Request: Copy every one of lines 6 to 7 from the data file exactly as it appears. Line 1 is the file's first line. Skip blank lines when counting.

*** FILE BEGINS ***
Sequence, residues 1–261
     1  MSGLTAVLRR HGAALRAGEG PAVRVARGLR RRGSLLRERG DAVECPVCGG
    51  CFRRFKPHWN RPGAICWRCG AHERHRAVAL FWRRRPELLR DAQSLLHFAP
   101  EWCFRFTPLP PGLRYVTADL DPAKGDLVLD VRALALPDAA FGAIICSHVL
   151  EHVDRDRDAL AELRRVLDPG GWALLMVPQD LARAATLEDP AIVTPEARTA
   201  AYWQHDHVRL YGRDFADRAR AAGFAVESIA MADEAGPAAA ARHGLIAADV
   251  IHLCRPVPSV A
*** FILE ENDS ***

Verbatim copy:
   201  AYWQHDHVRL YGRDFADRAR AAGFAVESIA MADEAGPAAA ARHGLIAADV
   251  IHLCRPVPSV A